In part I of this analysis, we began our examination of the current turboprop freighter fleet with some background, and then offered a breakdown of the fleet by type and operator. Today, in Part II, we look at the fleet in more detail by type, while in Part III, we will take a close look at the CRJ200F – a small jet that is increasingly seen as a competitor to the turboprops.
Now, a look at the individual aircraft types:
ATR 42F: A total of fifty-one ATR 42s have been converted to freighter configuration, all but one of which are in bulk-load configuration. Of the fifty-one, four have been written off, two have been scrapped, and two are in storage. Forty-three are in service. This total is up one unit from last year as DOT Lithuania returned a parked freighter to service.
ATR 72F: Sixty-eight ATR 72s have been converted to freighter configuration, and all but three of them are in service (with two of those three likely to enter service soon). Two years ago, Switzerland-based IPR Conversions acquired Alenia Aermacchi’s ATR passenger-to-freighter conversion STCs and has since converted five units – two in large-door configuration and three in bulk-load configuration. IPR tells Cargo Facts that there is now a strong demand for large-door ATR 72 conversions, and that it is ramping up capacity and expects to add new conversion centers in the near future.
The big change in the ATR 72F fleet over the past year has been in Africa, where Solenta Aviation has added six units (in operation for DHL Express), with a seventh likely to enter service shortly. Most of these were previously operated for DHL in Europe by airlines in the ASL Group. Also of note is the acquisition of an ATR 72F in bulk-load configuration by Latvia-based RAF Avia, following conversion by Aero Conseil (the only other source of ATR conversions)
ATPF: The in-service ATP Freighter fleet decreased by seven from last year, as Sweden-based West Atlantic continued to retire its older units. A total of sixty-five ATP aircraft were built, of which forty-five have been converted to freighter configuration – twenty-four with large cargo doors, and twenty-one as bulk loaders. Of these, twenty-six remain in service with just two carriers. Indonesia-based Deraya Air Taxi operates two, while the rest are with West Atlantic.
Saab 340F: Forty-four Saab 340s have now been converted to freighter configuration. Of these, thirty-seven are in active service, along with three 340AQCs operated full-time as freighters – two by Loganair, one by SprintAir. This figure is unchanged from last year, even though a few planes changed hands. Aloha Air Cargo ended turboprop freighter operation (it now operates jets), and parked its three Saab 340s. Loganair added two units, converted from its own passenger fleet. Estonia-based Airest upped its Saab fleet to eight with the acquisition of a freighter formerly at Lipican Air (which ended operations). Bangladesh-based newcomer Easy Fly Express and Poland’s SprintAir also added one each, while US-based IBC Airways reduced its fleet from eight to seven.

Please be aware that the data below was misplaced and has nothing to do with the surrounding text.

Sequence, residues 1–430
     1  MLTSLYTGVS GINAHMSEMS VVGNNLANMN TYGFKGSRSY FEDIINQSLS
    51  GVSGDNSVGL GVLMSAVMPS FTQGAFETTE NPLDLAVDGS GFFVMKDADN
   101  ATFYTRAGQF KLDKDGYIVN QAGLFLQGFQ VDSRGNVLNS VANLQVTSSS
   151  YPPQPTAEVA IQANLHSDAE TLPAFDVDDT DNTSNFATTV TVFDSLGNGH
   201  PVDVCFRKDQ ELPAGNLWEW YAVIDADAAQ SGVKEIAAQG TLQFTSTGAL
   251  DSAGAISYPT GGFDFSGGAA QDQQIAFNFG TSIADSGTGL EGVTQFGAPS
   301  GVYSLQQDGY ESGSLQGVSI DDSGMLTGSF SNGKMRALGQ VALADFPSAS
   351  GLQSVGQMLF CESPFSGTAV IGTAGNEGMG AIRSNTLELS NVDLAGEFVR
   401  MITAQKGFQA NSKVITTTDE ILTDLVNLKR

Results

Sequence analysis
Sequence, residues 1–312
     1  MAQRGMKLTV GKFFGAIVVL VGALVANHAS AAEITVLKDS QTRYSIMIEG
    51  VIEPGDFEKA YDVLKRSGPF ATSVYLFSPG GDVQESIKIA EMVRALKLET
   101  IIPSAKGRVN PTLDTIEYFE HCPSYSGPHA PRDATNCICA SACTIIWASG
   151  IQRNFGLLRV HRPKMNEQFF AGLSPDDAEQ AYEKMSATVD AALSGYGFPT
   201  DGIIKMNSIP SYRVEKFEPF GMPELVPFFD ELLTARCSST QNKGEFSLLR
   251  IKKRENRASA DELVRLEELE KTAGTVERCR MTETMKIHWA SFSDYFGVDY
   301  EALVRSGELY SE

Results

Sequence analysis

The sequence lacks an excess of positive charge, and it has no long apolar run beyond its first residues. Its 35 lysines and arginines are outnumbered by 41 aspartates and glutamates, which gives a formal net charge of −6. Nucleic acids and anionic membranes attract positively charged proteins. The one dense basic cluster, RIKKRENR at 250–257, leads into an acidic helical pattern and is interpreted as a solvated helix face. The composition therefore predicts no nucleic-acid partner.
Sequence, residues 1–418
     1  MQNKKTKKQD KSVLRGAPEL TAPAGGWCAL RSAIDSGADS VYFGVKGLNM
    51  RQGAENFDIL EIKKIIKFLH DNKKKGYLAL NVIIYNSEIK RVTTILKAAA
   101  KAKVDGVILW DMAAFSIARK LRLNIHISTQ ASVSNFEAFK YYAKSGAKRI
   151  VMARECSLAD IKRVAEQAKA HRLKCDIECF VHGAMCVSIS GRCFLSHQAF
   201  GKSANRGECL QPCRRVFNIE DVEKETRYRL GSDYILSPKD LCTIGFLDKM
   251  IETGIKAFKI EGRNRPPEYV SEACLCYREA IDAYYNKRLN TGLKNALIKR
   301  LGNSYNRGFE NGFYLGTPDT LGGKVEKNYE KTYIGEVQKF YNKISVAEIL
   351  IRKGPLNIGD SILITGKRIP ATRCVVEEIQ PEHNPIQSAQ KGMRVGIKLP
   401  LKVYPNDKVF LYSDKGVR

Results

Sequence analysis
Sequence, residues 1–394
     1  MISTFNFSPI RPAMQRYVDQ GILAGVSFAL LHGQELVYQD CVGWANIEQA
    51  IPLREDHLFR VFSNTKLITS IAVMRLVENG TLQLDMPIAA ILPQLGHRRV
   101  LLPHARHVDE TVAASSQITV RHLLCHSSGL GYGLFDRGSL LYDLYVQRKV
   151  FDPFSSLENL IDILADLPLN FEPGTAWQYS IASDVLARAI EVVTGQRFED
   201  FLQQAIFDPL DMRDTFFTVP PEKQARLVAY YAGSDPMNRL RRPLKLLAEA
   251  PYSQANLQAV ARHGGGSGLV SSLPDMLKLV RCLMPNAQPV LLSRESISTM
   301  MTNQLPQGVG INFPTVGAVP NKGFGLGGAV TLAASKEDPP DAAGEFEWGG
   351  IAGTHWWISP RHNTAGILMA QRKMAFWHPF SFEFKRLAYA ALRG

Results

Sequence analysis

Fokker50F: Sixteen Fokker 50s have been converted to freighter configuration, unchanged from this time last year. Of these, twelve are now in operation (all at Sweden-based Amapola Flyg), down one from last year as Indonesia’s Asialink Cargo Express parked its single unit.
Bombardier Q400PF: In 2009, Sweden-based Nord-Flyg ordered two Bombardier Q400s converted to bulk-load freighter configuration, but the carrier ceased operation in early 2010 after taking only the first unit. That freighter then went to West Atlantic, but in early 2012 was acquired by Kenyan carrier Blue Bird Aviation, which operated a twelve-unit turboprop passenger fleet, including four Dash 8 Q400s. Blue Bird added a second Q400F in 2012, a third in 2014, and two in 2015. Since then, neither Blue Bird nor any other carrier or lessor has shown interest in this type, and the Kenyan carrier remains the only operator.
Interestingly, Bombardier’s new-build Q400 Combi, which was launched with a five-unit order from Japan Airlines’ regional subsidiary Ryukyu Air Commuter in 2014, has done as well as the package freighter conversion.
Bombardier Q300PF: On the subject of Bombardier’s Dash 8 series, we note that Canadian carrier Air Inuit developed a bulk-load conversion program for the Q300, and had it certified by the Canadian aviation authorities. Air Inuit converted two units from its own fleet, but then turned to B/E Aerospace to develop a large-door conversion. B/E has since been acquired by Rockwell Collins, and, as we were going to press, Rockwell announced receipt of a Canadian STC for an improved bulk-load conversion, and said it expected certification of the large-door conversion in late 2017 or early 2018. Launch customer Air Inuit will convert one of its passenger Q300s, plus its two bulk-loaders, to large-door configuration.
Dash 8-100PF: New this year is a passenger-to-package-freighter conversion program developed by Canada-based Voyageur Aviation for launch customer Wasaya Airways. Following conversion, the 37-seat passenger aircraft offers a 4.5 tonne payload, with a range at max payload of 800 nautical miles (1,500 km). The E-class cargo compartment features a reinforced floor and 9G cargo nets to separate it into zones. Loading is via the original 1.27 m x 1.52 m aft cargo door. Wasaya has taken redelivery of the first of the two units it ordered, but, as with the Q400 and Q300, no other customers have signed up.
Those interested in learning more about the worldwide demand for freighter aircraft over the next 20-years are invited to check out Air Cargo Management Group’s Freighter Forecast, which for the first time, includes turboprop freighter demand. The report contains analysis of future prospects for fifteen aircraft types that will dominate the future freighter market, including production status, performance characteristics, and freighter conversion program availability.